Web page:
March 16, 2020

Footprint Chart. Simple Footprint Patterns

Footprint Chart. Simple Footprint Patterns

Our journey began with Forex, like many others. In our search for profits, we came to the futures market, and our basic analysis tool was the footprint. We’re going to tell you about it in this article.
We access the footprint with the ATAS platform.

Scientifically speaking, the footprint chart is an aggregated tape of orders. Individual orders of market participants are processed and distributed within each candlestick based on price and volume.

When considering the footprint chart, you’ll observe rectangles of different lengths: this is so-called horizontal volume profile. The length of stripes depends on the number of contracts traded at the given price.

You may also notice two columns showing numbers. The left-side column displays the number of Sell trades, and the right-side column displays the number of Buy trades.

As a result, 3D effect is added to a candlestick: the struggle of buyers and sellers can be seen with the naked eye.

The differences between this chart and classic candlestick chart are clearly visible in the two pictures below.

The first picture illustrates the Japanese candlestick chart with no footprint. Using this chart, a trader can analyze the amount that price moves, apply levels, and also identify the points, where the current movement stops, by the shadows of candlesticks.

However, when you add volumes to the chart, the picture changes dramatically, and the chart becomes more informative.

Now a trader can spot areas where buyers and sellers are struggling, as well as track the movement of these areas. This enables a more accurate determination of what’s exactly happening in the market.

Let’s consider two footprint patterns and possible decisions made by a trader as soon as they occur as an example.

Simple Footprint Patterns

The first pattern looks like the Latin letter “P”, so it’s called the “P” pattern. It’s characterized by a narrow body in the lower half and a wide body in the upper half of candlestick; the candlestick is rising and has no wide shadows.

This pattern tells a trader that sellers are exiting their positions. It should be considered only if there has been a downward movement before its formation.

If the “P” pattern appears in the sideways market or when the price is rising, it’s not used.

The second pattern resembles the Latin letter “B”, so it’s called similarly – the “B” pattern. It’s characterized by a narrow body in the upper half and a wide body in the lower half of candlestick; the candlestick is falling.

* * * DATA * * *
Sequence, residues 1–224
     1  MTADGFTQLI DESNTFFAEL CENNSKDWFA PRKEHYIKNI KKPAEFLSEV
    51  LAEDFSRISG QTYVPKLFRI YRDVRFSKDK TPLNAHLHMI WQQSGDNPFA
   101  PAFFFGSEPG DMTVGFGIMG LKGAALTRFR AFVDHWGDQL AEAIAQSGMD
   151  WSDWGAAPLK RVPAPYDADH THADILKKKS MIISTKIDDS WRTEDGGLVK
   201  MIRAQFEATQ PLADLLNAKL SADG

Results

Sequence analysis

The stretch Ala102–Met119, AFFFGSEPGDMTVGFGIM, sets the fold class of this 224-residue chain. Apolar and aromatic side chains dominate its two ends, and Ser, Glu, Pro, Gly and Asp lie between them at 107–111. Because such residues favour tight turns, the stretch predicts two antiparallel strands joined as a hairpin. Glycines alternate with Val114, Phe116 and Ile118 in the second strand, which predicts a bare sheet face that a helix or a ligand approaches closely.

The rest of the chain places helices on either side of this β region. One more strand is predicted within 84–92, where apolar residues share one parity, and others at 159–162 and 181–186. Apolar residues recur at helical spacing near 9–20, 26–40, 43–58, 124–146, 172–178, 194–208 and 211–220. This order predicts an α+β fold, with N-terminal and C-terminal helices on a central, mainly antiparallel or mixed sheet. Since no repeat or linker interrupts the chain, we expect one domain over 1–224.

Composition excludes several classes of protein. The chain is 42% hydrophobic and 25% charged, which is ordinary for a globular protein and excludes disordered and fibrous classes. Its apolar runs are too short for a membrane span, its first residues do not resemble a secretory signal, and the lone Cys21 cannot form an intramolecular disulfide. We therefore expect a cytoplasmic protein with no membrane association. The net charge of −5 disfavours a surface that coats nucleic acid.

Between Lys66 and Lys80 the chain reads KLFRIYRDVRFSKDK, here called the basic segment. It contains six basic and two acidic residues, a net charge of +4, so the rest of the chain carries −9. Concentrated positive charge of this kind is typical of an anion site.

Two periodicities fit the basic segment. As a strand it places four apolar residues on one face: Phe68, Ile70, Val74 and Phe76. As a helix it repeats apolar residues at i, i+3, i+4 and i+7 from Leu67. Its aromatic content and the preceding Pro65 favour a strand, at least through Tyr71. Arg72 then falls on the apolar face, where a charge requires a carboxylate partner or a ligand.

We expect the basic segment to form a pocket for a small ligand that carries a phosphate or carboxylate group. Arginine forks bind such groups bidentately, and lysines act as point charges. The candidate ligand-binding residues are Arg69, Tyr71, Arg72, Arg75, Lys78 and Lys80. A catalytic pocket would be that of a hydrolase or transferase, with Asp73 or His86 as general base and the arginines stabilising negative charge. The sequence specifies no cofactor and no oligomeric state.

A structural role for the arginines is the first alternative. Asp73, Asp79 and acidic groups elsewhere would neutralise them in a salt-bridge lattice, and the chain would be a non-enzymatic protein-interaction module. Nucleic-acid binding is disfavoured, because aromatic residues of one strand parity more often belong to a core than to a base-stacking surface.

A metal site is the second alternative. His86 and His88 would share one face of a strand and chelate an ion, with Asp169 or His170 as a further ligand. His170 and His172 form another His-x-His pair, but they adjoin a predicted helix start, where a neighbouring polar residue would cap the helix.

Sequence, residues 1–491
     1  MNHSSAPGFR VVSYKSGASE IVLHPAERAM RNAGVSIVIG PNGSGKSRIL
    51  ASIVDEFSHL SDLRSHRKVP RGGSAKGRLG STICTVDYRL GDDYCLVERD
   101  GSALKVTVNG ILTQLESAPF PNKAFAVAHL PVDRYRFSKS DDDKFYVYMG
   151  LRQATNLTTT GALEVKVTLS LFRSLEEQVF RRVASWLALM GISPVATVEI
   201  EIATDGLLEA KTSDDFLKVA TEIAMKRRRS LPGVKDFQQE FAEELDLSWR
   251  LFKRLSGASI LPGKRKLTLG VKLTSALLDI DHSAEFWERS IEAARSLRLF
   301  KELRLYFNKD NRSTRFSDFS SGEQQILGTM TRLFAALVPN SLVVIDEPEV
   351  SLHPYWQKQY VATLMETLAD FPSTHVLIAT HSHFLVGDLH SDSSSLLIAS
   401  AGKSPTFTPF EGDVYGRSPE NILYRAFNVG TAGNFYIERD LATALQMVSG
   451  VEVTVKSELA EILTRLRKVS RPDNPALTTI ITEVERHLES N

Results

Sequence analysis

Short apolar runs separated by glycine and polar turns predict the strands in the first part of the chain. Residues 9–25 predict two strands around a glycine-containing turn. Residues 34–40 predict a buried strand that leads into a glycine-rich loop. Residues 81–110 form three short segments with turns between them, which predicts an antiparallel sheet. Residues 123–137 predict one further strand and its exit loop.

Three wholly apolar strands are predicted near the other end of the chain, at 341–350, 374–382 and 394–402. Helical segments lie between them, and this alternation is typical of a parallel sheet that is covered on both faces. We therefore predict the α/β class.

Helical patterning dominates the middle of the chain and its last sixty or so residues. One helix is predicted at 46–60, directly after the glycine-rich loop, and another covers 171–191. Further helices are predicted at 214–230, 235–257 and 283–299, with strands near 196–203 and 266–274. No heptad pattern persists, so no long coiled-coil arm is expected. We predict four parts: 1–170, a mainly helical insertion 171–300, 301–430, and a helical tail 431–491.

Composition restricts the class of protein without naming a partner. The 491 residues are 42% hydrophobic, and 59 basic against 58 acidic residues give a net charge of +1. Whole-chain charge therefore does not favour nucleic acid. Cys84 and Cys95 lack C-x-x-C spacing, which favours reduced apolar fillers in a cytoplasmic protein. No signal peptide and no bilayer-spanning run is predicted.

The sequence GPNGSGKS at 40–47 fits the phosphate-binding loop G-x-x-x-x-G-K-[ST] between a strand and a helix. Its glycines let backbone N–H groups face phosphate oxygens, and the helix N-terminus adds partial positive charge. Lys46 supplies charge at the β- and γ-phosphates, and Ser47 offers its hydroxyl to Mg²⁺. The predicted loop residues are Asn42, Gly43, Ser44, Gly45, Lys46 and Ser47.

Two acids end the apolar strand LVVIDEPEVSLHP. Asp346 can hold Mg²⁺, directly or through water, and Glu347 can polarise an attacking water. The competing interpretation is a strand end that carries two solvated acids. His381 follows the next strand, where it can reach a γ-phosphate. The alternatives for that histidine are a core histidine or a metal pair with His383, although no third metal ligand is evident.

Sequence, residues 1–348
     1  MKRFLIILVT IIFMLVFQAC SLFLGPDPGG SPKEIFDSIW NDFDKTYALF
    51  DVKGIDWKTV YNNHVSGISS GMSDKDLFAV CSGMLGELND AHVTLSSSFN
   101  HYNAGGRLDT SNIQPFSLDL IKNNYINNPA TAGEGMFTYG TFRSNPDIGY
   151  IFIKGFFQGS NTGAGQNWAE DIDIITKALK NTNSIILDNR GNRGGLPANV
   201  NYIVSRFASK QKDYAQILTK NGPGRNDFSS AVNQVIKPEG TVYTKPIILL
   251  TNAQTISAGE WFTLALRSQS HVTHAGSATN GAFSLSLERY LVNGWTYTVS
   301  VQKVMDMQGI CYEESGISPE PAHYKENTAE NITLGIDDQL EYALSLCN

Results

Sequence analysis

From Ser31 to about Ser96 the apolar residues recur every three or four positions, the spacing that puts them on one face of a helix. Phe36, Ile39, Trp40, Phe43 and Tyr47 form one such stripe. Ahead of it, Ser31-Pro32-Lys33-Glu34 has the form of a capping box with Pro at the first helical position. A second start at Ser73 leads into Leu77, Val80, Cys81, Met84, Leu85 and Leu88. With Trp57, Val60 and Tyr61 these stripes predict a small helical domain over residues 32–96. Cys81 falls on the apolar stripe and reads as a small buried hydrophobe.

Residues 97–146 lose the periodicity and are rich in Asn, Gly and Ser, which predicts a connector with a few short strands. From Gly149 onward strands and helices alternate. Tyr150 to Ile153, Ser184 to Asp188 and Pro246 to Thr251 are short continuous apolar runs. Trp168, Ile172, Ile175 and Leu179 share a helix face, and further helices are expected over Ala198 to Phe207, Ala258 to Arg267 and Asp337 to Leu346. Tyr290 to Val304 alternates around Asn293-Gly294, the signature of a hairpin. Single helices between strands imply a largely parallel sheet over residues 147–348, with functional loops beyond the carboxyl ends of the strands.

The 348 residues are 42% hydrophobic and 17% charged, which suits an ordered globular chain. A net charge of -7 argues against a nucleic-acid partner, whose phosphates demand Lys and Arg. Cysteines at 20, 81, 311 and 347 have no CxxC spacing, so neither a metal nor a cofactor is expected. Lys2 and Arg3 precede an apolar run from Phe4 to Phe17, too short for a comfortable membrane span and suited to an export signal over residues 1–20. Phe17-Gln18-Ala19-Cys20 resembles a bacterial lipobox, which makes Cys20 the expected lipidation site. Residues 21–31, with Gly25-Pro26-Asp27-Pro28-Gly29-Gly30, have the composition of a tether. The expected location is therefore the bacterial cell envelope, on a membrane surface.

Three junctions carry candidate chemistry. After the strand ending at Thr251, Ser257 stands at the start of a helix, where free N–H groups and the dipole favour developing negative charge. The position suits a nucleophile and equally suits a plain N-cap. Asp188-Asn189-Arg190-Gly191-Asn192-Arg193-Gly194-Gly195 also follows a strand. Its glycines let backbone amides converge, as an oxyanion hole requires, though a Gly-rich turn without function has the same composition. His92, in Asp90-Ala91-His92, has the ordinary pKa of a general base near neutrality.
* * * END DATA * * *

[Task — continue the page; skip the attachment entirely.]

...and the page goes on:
This pattern indicates that buyers are exiting their positions. If it occurs after the uptrend phase, it tells a trader about the end of the current movement.

The “B” pattern should be identified in the uptrend phase

Delta Chart

We would also like to introduce you to our second tool.

It’s not always convenient to analyze the footprint with Japanese candlesticks only, since they have own disadvantages, namely: candlesticks distort the market picture in the periods of low volatility. This is why we often use another type of chart – Delta chart – instead of candlesticks.

Before we show you the chart itself, we should tell you what the Delta is.

Delta is the difference between the number of market Buy orders and market Sell orders. Delta is an indicator, but it has nothing to do with technical analysis.

The Delta chart is constructed based on the value of this difference. We usually use the value of 300 contracts. It means that a new falling or rising candlestick will be formed when the difference between Buy and Sell trades amounts to 300 contracts.

You can see the chart constructed using the Delta in the picture above. It perfectly filters out the market noise occurring in the periods of low activity of market participants.

In addition, candlesticks have small bodies on such a chart, and a wide shadow is uncommon for the Delta chart.

However, the main advantage of the Delta chart is the “Signal” footprint pattern. That’s what we call the pattern used to make a trade. You can see the example of this pattern in the picture below.

The “Signal” is formed as follows: Sell trade should be made, if a candlestick is falling and have no a lower shadow. The maximum trading volume should be in the upper half, but rather in the upper third of a candlestick. The rest of the candlestick should be narrow.

The exact opposite is true for Buy trades: these trades should be made if a candlestick is falling, the maximum trading volume is in the lower half of the candlestick, and the candlestick body itself is narrow.

As you can see, the footprint chart has the enormous opportunities for making market analysis and identifying entry/exit points. It’s equally useful for those who prefer intraday and position trading.